• Rated 0 out of 5

      5″ Hoya Wayetti

      $30.00

      The Hoya Wayetti is a luscious succulent that is of tropical descent. For years, it may have been a staple ornamental plant in many oriental households. With its drought-tolerant characteristic and long-lived foliage, Hoyas are a must-have in your garden and indoor plant collections!

      The Wayetti light requirements ranges from bright indirect light to a bit of full sun, but never to the extent that it can ruin the plant’s delicate foliage. Light is an important aspect of growing any variegated specimen, and it is certainly crucial especially if you wish to maintain those beautiful streaks of colors in the leaves.

      As an epiphytic plant, less is more when it comes to watering. The key to avoiding overwatering – which can be fatal to the plant – is by checking first if the top inch of the soil feels completely dry to the touch.

      It is ideal to water Hoya once every two weeks, but you need to adjust your watering when it is summer as the plant may need more moisture, and then reduce it in the onset of winter. Be mindful of your Hoya watering needs, and do not overdo it as it can lead to root rot.

       

    • Rated 0 out of 5

      5″ Rhipsalis Pilocarpa “Bearded”

      $20.00

      Rhipsalis pilocarpa is a small shrub cactus found growing mostly on rocks and tree trunks in the tropics. Coming from a genus with an abundant species, the Rice cactus attracts attention with its unique set of stems that may become dangly over time. An ideal indoor plant that’s easy to care for.

      The rice cactus light needs to be bright and filtered.  If you wish to grow the plant indoors, be sure to place it in a humid room with a fair level of temperature.

      Allow the sail to maintain moisture, drying out only moderately between watering.  The trick is to water thoroughly, making sure that the excess drains out completely. You may want to check first when the top inch of the soil feels dry to the touch. Avoid soggy soil as this can cause root rot in the long term.

      This fun little plant has white hairs all over, making it seems as though it is bearded.

    • Rated 0 out of 5

      4″ Trio Star (Maranta)

      $25.00$40.00

      The Stromanthe sanguine, or Triostar plant, is a very attractive houseplant. Foliage is a mix of red, white, and green. Triostar can reach 2 to 3 feet in height, and 1 to 2 feet across. It is a relative of the prayer plant (or Maranta leuconeura). Triostar plants are sometimes considered difficult to maintain, but by following the basics of Triostar care, this specimen will grow and thrive year-round.

      The Triostar cannot exist in a dry environment, as its native to the Brazilian rain forest. Misting or placing a pebble tray under the plant can help to provide humidity. The greatest asset to providing the needed humidity is to use a room humidifier.

      Triostars should be watered with moderate frequency. Soil should remain moist, but the top inch should be dried out before watering again. They need a bright, indirect light, as direct sunlight

    • Rated 0 out of 5

      6″ Neon Pothos (Hanging Basket)

      $40.00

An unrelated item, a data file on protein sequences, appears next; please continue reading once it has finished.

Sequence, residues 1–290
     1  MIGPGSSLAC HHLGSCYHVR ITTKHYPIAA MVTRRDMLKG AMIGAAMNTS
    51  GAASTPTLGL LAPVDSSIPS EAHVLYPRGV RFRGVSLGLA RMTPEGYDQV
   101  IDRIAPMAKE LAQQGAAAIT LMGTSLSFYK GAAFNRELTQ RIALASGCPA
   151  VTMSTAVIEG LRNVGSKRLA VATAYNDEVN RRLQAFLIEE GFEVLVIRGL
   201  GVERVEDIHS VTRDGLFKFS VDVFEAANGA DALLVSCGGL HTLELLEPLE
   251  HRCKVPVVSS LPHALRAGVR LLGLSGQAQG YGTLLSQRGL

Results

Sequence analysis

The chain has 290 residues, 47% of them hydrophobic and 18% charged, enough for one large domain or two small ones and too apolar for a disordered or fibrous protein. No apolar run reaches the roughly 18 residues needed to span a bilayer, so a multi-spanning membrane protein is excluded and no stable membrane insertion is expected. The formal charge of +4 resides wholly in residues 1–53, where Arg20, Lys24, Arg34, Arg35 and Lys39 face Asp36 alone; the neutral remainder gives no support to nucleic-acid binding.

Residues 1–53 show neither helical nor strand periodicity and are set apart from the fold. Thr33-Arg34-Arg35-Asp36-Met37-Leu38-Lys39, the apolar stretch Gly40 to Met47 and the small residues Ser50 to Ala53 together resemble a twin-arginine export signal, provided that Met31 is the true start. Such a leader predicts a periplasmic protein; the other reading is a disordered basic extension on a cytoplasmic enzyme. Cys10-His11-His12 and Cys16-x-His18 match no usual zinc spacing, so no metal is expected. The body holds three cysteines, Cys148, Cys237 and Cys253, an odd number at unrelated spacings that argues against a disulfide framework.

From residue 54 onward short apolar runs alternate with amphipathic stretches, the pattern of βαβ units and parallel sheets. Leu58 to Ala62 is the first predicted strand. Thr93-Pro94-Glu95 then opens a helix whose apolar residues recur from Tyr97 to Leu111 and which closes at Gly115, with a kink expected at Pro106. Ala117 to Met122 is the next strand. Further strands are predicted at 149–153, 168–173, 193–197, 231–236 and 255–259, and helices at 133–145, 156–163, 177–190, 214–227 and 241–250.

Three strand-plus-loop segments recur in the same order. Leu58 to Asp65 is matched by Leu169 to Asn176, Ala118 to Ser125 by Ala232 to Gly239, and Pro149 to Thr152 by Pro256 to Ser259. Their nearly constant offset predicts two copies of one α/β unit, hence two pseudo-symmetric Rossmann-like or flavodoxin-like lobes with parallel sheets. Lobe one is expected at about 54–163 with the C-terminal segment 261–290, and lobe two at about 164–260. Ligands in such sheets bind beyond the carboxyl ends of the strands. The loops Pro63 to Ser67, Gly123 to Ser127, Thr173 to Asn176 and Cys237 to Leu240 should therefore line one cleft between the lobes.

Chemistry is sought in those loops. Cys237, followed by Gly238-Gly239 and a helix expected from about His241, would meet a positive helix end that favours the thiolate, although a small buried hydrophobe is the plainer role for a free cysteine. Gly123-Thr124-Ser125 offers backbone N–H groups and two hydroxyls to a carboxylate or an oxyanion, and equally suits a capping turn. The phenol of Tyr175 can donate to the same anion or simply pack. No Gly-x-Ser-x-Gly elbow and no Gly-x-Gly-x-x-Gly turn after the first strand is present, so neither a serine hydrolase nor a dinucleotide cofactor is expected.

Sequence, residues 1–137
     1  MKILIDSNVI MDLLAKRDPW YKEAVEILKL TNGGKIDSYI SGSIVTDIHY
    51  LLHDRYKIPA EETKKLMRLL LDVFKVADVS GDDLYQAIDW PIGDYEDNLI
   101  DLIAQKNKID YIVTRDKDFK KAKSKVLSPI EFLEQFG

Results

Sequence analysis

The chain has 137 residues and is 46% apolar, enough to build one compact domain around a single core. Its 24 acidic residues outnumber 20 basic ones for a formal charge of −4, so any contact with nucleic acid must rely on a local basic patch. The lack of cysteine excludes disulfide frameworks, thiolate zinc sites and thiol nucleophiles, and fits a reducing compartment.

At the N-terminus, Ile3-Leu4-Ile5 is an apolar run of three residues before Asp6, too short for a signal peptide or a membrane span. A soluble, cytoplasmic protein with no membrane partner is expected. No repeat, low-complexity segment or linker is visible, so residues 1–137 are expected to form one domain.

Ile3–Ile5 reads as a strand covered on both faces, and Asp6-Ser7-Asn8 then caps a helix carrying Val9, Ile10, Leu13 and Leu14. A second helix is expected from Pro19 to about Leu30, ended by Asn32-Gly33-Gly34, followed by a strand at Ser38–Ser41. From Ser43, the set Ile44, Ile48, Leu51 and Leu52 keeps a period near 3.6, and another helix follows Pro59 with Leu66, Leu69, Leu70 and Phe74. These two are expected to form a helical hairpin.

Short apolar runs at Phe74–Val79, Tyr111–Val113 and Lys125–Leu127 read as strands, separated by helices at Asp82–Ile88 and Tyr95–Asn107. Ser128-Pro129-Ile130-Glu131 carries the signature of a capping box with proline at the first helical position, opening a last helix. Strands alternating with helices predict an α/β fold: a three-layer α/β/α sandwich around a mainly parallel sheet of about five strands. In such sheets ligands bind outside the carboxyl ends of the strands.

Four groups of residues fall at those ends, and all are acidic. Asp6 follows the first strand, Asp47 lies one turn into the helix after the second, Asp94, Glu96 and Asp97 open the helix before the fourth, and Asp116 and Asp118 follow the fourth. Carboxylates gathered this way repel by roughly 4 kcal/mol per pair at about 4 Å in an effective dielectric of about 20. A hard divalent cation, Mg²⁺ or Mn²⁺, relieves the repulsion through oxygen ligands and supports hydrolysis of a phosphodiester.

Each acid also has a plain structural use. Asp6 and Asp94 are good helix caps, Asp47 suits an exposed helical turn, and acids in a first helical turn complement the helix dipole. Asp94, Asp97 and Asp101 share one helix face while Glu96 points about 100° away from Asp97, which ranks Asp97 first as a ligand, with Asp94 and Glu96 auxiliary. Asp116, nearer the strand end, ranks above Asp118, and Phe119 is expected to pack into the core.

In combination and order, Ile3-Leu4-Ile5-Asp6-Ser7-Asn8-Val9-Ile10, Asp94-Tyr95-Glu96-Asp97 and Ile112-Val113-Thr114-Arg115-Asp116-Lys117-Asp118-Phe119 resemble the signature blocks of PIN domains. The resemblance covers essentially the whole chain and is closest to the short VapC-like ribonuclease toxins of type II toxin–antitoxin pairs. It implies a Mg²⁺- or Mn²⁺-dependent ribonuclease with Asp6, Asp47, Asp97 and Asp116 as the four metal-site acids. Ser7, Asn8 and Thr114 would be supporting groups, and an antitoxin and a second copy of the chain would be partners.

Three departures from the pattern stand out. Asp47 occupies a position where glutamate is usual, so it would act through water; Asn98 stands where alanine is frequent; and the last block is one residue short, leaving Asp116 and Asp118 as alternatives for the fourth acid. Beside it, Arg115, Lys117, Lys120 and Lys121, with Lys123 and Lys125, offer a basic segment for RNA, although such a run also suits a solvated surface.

As one of the most popular and eye-catching varieties of pothos, neon pothos (Epipremnum aureum ‘Neon’) are low-fuss houseplants that are sure to brighten up any corner of your home.

      Neon pothos grow naturally as forest understory plants and can adapt to a wide range of partial lighting conditions. That being said, bright indirect light is best in order to keep the leaves vibrant and avoid leggy growth.

      Allow the top 2 to 3 inches of soil to dry out between waterings and then water thoroughly. Neon pothos are susceptible to root rot if their roots are left standing in water, so always ensure that your plant is in a pot with adequate drainage to ensure that the roots aren’t waterlogged.  While they appreciate regular watering, they bounce back easily if you forget to water them every once in awhile.

      *As a variety of the common golden pothos, all parts of the neon pothos are considered toxic to catsdogs, and humans if ingested

    • Rated 0 out of 5

      6″ White Fusion Calathea

      $40.00$70.00

      Calathea is a genus of flowering plants belonging to the family Marantaceae. They are commonly called calatheas or prayer plants. About 200 species formerly assigned to Calathea are now in the genus Goeppertia. Calathea currently contains around 60 species.

      Calatheas enjoy weekly waterings, allowing the top 2′ of soil to dry out partially. In winter, we recommend watering less frequently to prevent overwatering and root rot. This plant is not very drought tolerant, and extended periods of dryness will cause leaf edges to brown.

      Calathea plants need bright, but not direct, sunlight to grow. This is because they grow on the floor of jungles and forests where they get limited light through the tops of the trees. In fact, direct sunlight will burn the leaves of a Calathea plant and cause it to lose its vibrant colors.

      These plants are sensitive to chemicals in our water so be sure to allow your tap water to distil up to 24 hours before using.

    • Rated 0 out of 5

      8″ Grape Ivy

      $40.00

      Gorgeous grape ivy produces luscious full greenery and is more easy to care for then regular ivy.